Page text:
Going through a relationship break up is one of those universal human experiences. Even though almost everyone experiences this at some point in their lives, people still have a lot of questions about the best way to cope following a breakup. The effectiveness of coping strategies will be different for each person, and finding the ones that work best for you is a process of trial and error. However, here are a few tips that can be useful to start with.
First, try to remember that feeling sad after a breakup is normal. All breakups represent a form of loss, even breakups that are amicable and those that represent the end of a toxic relationship. As with all forms of loss, it is important to go through the grief process. There is no “right way” to grieve, and no prescribed amounts of time you should spend feeling each associated emotion. It’s important to allow yourself to experience each emotion without running away from it; and remember that things will feel better eventually.
When a relationship ends, especially a long one, it’s easy to feel as though you’ve lost part of yourself. A big part of the coping process is re-discovering who you are as an individual. Therefore it can be helpful to take time out to do activities that you enjoy on your own (especially if the time you had to engage in these activities was limited within the relationship), and to remember the things you like about yourself that are separate from your ex.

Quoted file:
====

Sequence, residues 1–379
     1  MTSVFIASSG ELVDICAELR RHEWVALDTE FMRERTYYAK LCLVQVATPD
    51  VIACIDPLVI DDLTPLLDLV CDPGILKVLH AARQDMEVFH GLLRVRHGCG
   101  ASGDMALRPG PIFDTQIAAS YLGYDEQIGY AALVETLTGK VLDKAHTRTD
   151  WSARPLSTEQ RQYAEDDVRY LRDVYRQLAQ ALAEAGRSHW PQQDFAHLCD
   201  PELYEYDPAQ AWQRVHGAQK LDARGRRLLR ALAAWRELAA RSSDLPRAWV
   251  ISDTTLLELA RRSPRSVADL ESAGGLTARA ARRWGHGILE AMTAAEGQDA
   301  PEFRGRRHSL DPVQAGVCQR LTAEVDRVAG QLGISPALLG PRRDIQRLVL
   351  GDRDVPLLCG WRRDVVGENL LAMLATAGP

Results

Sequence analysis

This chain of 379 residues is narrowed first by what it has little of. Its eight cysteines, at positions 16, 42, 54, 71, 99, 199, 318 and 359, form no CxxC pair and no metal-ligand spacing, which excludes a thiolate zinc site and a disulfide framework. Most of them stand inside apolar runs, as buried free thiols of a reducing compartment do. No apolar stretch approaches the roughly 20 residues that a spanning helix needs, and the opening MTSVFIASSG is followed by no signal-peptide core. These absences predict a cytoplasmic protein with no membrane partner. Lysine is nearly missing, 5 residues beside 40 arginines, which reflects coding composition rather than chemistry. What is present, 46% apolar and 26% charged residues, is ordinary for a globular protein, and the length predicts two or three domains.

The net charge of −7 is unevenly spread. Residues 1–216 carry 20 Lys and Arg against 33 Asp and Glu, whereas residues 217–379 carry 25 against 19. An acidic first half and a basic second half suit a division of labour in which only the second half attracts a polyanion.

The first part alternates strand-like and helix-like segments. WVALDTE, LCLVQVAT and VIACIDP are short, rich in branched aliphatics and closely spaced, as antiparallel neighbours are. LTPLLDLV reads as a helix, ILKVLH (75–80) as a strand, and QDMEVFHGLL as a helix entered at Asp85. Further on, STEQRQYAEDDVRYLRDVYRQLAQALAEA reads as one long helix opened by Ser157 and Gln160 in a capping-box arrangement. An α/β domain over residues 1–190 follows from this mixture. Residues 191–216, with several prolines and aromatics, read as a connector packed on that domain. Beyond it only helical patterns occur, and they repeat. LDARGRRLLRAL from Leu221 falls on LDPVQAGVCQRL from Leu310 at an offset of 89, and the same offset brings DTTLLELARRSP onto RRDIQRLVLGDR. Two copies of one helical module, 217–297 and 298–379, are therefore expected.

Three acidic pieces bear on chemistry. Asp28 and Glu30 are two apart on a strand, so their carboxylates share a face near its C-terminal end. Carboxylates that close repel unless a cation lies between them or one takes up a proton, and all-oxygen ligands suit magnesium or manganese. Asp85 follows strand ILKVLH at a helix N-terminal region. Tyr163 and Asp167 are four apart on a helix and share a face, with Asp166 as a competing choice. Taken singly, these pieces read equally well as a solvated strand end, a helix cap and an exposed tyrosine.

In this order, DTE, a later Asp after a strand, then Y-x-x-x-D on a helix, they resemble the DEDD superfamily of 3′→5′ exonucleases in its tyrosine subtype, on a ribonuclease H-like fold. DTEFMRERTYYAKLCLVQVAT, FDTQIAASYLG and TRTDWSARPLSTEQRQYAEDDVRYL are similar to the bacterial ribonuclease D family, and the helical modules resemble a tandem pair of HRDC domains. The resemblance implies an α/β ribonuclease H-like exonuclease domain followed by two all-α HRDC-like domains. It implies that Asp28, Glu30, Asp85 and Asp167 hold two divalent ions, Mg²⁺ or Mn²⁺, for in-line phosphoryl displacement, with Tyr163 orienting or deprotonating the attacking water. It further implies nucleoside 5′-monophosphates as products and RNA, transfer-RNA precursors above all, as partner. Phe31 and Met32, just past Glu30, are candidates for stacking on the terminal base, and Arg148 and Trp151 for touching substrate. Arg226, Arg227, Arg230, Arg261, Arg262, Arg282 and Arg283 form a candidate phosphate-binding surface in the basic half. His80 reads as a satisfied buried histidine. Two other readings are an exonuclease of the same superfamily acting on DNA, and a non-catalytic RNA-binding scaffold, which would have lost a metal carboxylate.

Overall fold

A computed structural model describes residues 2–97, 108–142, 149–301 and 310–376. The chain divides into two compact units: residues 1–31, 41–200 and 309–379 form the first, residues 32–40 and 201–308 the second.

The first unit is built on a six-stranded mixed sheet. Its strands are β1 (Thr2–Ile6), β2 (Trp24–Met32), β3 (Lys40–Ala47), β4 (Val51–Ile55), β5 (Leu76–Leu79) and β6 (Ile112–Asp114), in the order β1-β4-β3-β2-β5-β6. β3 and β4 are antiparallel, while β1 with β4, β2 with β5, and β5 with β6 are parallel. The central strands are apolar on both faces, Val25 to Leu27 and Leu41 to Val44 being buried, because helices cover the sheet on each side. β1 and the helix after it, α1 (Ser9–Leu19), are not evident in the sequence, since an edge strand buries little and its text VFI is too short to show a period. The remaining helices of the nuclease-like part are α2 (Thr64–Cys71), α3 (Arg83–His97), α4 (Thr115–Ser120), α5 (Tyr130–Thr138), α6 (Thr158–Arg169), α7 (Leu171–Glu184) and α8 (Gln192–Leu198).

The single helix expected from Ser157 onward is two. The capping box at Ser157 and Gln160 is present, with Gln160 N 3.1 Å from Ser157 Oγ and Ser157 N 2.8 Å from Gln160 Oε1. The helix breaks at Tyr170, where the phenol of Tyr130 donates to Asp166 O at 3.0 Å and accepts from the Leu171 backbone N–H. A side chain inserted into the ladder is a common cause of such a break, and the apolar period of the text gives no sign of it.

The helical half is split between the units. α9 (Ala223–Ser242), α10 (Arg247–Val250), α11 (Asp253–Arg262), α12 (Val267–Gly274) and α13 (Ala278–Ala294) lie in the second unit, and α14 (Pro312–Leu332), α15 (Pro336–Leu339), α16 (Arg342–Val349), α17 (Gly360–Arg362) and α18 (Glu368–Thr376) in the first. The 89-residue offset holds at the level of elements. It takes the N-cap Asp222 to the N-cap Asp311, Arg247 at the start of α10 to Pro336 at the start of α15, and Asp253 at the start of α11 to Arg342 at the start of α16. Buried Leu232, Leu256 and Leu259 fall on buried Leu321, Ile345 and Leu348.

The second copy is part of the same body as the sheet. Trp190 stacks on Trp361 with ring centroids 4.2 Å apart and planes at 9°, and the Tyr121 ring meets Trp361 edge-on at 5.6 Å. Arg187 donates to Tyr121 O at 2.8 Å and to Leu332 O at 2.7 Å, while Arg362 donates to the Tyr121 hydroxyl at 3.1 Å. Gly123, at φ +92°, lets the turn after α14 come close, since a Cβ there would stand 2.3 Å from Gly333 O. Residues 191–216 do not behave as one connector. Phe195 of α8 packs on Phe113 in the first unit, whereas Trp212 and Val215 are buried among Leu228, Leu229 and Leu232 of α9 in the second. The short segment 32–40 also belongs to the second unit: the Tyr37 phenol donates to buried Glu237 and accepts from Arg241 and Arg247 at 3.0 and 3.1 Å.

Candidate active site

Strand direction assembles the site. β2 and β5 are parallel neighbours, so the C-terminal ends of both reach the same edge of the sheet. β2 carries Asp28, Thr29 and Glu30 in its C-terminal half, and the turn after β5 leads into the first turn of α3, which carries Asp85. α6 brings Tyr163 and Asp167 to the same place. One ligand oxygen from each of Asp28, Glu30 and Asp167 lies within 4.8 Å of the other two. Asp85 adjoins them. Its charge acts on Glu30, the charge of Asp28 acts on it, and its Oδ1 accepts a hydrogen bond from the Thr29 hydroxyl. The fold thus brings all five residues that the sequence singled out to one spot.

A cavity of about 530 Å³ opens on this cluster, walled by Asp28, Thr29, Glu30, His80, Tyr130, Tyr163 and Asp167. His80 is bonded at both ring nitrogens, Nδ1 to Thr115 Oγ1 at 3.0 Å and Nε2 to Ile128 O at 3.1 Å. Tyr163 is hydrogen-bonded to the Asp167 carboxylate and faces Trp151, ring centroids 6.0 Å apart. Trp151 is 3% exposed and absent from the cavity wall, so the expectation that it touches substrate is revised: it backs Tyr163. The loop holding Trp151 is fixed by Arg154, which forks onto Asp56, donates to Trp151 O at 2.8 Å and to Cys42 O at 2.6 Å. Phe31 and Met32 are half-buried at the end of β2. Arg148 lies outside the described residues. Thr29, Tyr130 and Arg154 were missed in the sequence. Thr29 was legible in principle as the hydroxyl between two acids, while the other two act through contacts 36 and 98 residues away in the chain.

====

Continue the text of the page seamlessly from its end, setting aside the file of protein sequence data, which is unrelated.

After a breakup, most people just want to be alone. While it is important to take time to really feel your feelings, it’s also essential to surround yourself with helpful people. Friends and family can help give us an alternative perspective when we feel like everything is hopeless. Remember that different friends are helpful for different reasons: some can help distract us, some can listen to our problems, and some just be around us without saying anything. All of these things are valuable
Finally, it is important to take care of yourself. Often a breakup can make us feel worthless and the impulse for self-care goes away. Making sure that you’re getting three good meals a day, 8 hours of regular sleep and a bit of exercise will go a long way to improving your mood. But, it’s also important to indulge a little bit as well; so wrapping yourself in a doona and watching movies while stuffing yourself with ice cream and chocolate every now and then is OK too.
Ben Walters is a psychologist at the Centre for Human Potential www.cfhp.com.au.